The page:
SUGGESTION: It is always a good idea to save a project at regular intervals.) That way. Sample5..MINITAB ASSIGNMENT 1 See instructions on page 8. 2. Enter the data into C1 and C2. Display all the data. name the columns Sample1.. 9 . Copy this variable into a new worksheet and save it as EmailsIn. Consider Problem 31 (a) on page 15. Display the data. if a problem arises with your computer. the number of emails received. We will only use the data in C3. and display them in the session window. Save them in C2. Type your answer to part (a) of the problem in the session window. Be sure to give them reasonable names. Save your worksheet with the samples as EISS6. especially right after you have created a new worksheet . Create 5 samples with replacement of size 6 from this data. Open the Worksheet EMail.EVEN IF YOU DON'T THINK YOU WILL EVER NEED IT AGAIN! (See SAVING AND OPENING PROJECTS on page 7.MTW in K:\minitab\Data. it may save you from having to start over from scratch. 3. Use "AvrgNumDrks" for C2... 1. . C6.. Open the worksheet Trees..MTW in K:\minitab\Studnt14. . You will need this file again in Lesson 5.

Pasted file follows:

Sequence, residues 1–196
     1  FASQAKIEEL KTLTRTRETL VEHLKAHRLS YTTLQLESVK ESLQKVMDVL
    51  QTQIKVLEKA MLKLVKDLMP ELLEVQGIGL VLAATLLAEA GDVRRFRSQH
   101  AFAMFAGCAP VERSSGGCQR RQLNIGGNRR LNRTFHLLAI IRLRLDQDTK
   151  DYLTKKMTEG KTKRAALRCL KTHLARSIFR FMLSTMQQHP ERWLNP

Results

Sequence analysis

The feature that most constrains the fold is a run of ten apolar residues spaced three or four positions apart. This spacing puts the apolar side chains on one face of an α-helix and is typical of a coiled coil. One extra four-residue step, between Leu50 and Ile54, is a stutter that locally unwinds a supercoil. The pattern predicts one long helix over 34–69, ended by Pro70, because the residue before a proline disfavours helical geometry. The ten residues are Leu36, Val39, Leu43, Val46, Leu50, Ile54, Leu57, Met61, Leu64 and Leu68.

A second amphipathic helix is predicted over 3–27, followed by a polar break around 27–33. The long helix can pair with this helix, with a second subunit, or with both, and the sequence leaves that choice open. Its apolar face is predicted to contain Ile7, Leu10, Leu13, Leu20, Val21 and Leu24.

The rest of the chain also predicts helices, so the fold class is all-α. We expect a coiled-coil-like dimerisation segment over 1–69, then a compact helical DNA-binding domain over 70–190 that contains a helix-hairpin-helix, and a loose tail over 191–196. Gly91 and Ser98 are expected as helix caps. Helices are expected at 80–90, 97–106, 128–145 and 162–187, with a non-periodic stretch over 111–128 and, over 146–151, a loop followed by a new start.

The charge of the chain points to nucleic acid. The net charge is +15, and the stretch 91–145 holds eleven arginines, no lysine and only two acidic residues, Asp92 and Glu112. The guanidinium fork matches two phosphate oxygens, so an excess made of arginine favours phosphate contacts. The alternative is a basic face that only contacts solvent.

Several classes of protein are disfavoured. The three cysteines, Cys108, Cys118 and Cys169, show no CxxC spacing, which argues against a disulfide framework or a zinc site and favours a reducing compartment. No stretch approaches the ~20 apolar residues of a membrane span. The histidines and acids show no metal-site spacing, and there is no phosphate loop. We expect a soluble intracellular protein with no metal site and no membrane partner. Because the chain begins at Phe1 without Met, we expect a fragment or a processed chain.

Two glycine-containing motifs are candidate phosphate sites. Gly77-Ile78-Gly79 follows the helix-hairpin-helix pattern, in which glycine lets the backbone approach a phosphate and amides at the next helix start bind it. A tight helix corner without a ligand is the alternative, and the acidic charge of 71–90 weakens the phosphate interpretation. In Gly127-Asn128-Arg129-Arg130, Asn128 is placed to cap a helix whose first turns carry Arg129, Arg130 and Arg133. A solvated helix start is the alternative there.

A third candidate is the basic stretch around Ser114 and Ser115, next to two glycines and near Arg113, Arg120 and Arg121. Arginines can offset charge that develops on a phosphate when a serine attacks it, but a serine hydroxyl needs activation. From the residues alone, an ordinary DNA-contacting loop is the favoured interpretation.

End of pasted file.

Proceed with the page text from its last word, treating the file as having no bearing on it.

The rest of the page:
Select C3 LostDays into the Variables: box. Click on Stat > Tables > Tally Individual Variables. "Counts" is what our text calls "frequency". Your dialog box should look like the top figure to the right.LESSON 2 . The other two are running totals of the first two. Lesson 2. Below the Variables: box we see a list of for results that can be displayed.FREQUENCY DISTRIBUTION Open Minitab and worksheet K:\MINITAB\Studnt12\BACKPAIN. You may check any 1. and Example on separate lines below the date/time stamp. 3 or all four of the boxes. Unfortunately. "Percents" are what our text calls "relative frequency" except that Minitab expresses them as per cents rather than as decimal fractions. but for this example let us just choose the default. Tally for Discrete Variables: LostDays LostDays 0 1 2 3 4 5 6 7 8 9 10 11 13 14 15 16 17 21 22 24 30 34 46 60 114 180 N= Count 125 72 8 14 10 5 5 8 3 3 5 1 1 5 1 1 1 1 3 1 1 1 1 1 1 1 279 10 . You can now click "OK" and the frequency distribution for "Lost Days" will appear in the session window as in the figure to the right. We would like to create a frequency distribution for the variable LostDays.) Clear everything below the date/time stamp then type your name. In Lesson 4 we will see a roundabout way to get the grouped frequencies.MT W. 2. Minitab does not have an easy way to create grouped frequency distributions. "Counts". (See RETRIEVING A WORKSHEET on page 4 in Lesson 1.